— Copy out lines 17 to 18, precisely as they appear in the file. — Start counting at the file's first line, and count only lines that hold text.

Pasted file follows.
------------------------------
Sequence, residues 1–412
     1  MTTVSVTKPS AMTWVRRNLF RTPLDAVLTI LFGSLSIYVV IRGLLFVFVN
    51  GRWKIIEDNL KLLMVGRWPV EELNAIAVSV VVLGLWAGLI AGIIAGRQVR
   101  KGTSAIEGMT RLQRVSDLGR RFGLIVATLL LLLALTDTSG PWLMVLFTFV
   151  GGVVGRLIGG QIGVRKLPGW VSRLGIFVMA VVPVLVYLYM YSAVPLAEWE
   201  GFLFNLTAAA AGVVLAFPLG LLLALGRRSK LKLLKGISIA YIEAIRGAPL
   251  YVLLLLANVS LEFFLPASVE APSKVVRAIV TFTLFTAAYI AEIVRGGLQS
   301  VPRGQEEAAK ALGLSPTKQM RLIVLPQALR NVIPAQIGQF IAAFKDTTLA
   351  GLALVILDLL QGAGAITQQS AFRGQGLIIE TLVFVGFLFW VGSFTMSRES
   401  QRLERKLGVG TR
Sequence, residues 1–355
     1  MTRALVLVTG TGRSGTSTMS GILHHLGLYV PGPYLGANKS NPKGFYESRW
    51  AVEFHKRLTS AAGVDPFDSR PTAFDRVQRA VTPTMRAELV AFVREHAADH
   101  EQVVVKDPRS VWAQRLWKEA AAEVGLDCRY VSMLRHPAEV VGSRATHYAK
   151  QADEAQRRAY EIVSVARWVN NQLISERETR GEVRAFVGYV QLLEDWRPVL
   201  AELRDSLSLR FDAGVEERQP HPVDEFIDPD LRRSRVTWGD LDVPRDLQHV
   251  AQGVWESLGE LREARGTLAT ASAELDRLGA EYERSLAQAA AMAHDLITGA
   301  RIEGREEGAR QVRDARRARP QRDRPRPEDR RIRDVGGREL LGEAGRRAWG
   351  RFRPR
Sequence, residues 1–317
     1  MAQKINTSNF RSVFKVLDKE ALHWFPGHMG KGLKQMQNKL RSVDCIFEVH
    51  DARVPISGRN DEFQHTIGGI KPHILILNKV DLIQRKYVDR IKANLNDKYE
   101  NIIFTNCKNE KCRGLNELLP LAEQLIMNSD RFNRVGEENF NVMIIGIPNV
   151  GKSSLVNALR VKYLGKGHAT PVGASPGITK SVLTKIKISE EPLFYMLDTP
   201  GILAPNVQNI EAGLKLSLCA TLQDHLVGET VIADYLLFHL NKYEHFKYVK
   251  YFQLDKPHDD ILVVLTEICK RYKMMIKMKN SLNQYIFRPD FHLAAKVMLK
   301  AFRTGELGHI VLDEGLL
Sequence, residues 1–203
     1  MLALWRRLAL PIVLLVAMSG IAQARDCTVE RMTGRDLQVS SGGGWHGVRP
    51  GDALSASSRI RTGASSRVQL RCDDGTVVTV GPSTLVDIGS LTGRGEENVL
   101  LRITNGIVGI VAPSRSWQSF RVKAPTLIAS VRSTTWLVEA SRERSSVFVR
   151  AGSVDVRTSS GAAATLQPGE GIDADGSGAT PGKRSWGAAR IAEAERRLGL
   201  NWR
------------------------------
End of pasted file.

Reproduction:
   251  AQGVWESLGE LREARGTLAT ASAELDRLGA EYERSLAQAA AMAHDLITGA
   301  RIEGREEGAR QVRDARRARP QRDRPRPEDR RIRDVGGREL LGEAGRRAWG